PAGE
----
The disintegration of public discourse in the Twitter age was under way long before Donald Trump came to power. The soon-to-be former U.S. President’s tweets over the past four years are even starting to look dignified compared with those trending on social media these days.
Consider the recent tweet from Chinese Foreign Ministry spokesperson Zhao Lijian, who condemned the alleged “murder” of Afghan civilians by Australian soldiers. His tweet was accompanied by a fake photo of an Aussie soldier holding a knife at the throat of an Afghan child, sparking even more vitriolic exchanges between Australian and Chinese officials and further poisoning an already bitter relationship between Australia and its biggest trading partner.
Canada and Australia have adopted vastly different strategies in dealing with China, and each has obtained rather inconclusive results. Compared with the increasing ugliness of the cold war between China and Australia, Canada-China relations look almost cordial. But at least no one can accuse the Australian government of cowering in the face of Chinese bullying.
The extreme delicacy with which Prime Minister Justin Trudeau’s government has treated China in the two years since Canadians Michael Spavor and Michael Kovrig were imprisoned there has not made Canada look good. Mr. Trudeau’s sheepish public declarations regarding the detention of the two men – in defiance of their basic rights – has led some Canadians to wonder whether our once empathetic Prime Minister has become too detached.
The almost comical manner with which the Trudeau government has played for time on banning Chinese telecommunications giant Huawei from participating in the construction of Canada’s 5G networks speaks volumes about its inertia. It has often seemed as if Ottawa has hoped the problem would just go away – or that somebody else would spare it the inconvenience of having to ruffle feathers to solve it. That is indeed what appears to be happening, as Canada’s telecom companies have decided for themselves to build out their 5G networks sans Huawei.
Alas, the same strategy appears to be at play in winning the release of Mr. Spavor and Mr. Kovrig. The Trudeau government is counting on the Trump administration to offer a deferred prosecution agreement (DPA) to Huawei chief financial officer Meng Wanzhou in exchange for a partial admission of guilt on fraud charges involving the violation of U.S. sanctions on Iran.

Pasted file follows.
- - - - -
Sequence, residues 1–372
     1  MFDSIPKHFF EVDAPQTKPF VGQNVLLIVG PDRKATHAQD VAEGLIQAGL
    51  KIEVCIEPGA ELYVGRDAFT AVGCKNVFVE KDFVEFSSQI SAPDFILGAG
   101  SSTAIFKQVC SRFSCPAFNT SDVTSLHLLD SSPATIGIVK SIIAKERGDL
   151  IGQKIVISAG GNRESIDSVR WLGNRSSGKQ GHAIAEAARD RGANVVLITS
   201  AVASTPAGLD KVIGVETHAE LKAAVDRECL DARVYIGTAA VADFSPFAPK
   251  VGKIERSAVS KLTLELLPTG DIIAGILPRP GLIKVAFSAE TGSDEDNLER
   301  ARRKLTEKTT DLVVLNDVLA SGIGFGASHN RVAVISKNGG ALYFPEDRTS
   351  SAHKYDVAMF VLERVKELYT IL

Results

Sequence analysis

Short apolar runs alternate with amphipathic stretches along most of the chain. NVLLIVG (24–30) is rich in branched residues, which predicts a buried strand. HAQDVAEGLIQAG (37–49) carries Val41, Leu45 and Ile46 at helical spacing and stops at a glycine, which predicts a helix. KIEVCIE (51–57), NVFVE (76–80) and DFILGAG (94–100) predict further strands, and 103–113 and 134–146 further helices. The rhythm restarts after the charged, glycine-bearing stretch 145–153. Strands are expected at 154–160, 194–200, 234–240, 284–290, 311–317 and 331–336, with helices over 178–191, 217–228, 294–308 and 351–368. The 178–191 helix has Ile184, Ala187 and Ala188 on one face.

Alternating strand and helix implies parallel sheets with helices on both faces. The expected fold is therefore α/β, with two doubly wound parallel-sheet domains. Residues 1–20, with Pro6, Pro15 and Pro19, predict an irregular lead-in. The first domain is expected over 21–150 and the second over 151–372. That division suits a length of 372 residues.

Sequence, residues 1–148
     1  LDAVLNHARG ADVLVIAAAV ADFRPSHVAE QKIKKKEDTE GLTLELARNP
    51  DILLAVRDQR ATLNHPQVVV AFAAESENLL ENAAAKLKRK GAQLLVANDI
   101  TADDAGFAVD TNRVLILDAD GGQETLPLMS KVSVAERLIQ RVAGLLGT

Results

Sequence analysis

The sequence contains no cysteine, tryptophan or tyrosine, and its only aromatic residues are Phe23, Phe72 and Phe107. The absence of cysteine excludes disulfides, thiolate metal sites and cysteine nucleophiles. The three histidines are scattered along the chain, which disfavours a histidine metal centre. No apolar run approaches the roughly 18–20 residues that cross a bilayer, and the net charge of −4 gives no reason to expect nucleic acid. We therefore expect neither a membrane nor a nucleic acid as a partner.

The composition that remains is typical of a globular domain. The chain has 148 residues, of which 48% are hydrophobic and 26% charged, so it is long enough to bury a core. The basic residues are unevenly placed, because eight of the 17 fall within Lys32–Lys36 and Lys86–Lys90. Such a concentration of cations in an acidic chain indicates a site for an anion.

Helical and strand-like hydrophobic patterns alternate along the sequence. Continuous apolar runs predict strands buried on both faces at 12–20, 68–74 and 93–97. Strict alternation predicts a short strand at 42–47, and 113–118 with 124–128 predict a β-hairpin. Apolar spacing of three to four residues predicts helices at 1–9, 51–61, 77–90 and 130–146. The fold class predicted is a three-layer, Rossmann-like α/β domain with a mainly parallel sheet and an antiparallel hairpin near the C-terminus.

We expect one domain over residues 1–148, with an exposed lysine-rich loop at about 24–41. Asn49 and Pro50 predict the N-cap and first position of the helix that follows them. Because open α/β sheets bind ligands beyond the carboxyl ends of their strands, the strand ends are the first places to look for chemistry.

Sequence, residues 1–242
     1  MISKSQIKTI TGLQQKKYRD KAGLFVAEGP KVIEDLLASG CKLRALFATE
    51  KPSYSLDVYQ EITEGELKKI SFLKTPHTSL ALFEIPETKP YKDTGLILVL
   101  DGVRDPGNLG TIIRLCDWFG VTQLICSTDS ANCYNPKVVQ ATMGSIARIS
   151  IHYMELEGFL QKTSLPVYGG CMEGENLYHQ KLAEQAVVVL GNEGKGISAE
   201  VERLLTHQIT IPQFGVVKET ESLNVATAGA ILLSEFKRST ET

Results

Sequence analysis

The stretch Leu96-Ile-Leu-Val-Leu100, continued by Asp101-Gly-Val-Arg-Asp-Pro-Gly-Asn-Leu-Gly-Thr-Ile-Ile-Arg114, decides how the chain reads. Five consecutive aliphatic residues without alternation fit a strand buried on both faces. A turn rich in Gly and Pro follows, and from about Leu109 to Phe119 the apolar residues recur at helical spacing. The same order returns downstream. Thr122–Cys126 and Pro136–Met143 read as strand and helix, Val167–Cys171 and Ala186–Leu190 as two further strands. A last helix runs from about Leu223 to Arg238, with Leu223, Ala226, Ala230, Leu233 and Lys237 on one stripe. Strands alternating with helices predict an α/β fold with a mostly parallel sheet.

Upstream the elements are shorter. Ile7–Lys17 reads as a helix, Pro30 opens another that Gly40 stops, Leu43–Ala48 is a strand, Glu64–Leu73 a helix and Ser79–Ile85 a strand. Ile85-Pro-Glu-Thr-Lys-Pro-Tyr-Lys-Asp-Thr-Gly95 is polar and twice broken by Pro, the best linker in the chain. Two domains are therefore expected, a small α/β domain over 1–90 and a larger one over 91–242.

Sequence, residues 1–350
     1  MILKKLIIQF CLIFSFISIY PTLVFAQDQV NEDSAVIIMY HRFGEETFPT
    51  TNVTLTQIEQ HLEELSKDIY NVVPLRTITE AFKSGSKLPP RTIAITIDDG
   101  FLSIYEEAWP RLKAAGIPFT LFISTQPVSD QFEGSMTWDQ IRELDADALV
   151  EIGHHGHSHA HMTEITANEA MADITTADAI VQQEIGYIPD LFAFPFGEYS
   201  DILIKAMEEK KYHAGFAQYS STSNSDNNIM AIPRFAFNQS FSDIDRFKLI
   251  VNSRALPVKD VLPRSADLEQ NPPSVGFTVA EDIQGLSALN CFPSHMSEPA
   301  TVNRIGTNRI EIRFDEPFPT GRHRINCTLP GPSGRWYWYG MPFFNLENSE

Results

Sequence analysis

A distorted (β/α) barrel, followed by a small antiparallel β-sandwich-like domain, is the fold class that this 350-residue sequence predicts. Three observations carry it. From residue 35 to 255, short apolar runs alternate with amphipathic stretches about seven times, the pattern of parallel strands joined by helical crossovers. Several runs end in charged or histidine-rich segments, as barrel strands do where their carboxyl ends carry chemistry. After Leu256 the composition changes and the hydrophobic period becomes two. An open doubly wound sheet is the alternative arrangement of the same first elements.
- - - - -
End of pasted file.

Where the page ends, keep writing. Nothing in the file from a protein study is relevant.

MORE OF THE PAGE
A recent Wall Street Journal report suggesting the U.S. Justice Department has been negotiating a DPA with Ms. Meng’s lawyers raised hopes that Mr. Spavor’s and Mr. Kovrig’s long ordeal may soon come to an end. The two Canadians have been left to endure the indignities of Chinese prison life on unsubstantiated espionage charges, while Ms. Meng awaits the outcome of her extradition to the United States at one of her luxurious Vancouver homes, surrounded by all the material comforts her wealth allows.
Ms. Meng is reported to be resisting the U.S. offer, insisting she did nothing wrong. But that may just be a delay tactic as she negotiates a plea deal. Her lawyers may also still think she has a chance of escaping extradition on the grounds that Canadian authorities allegedly violated her rights at the time of her arrest at Vancouver International Airport. She would be wiser to take a DPA now rather than risk facing a trial in the United States, where courts would not take lightly the accusations that she willfully deceived U.S. banks about Huawei’s business in Iran.
Some observers have suggested that president-elect Joe Biden could simply drop the charges against Ms. Meng as a goodwill gesture aimed at resetting the U.S.-China relationship. Ms. Meng should not bet on that. If anything, Mr. Biden is likely to take a more muscular (albeit principled) approach to China than Mr. Trump, who said after Ms. Meng’s arrest that he might consider using her as a bargaining chip in U.S.-China trade talks.
Thankfully, that never happened. Such a gesture would have legitimized any claim that the charges against Ms. Meng, which were brought after an investigation that began when Barack Obama was president, were politically motivated. A deferred prosecution agreement, accompanied by a substantial fine, would provide both the U.S. and China with an honourable exit strategy from a dossier that has dogged both countries for too long now.
If, as hoped, such a deal were to secure the release of Mr. Spavor and Mr. Kovrig, it would bring an end to the cruel injustice they are experiencing – and extricate the Trudeau government from a situation it has shown neither the will nor the guts to face up to on its own.
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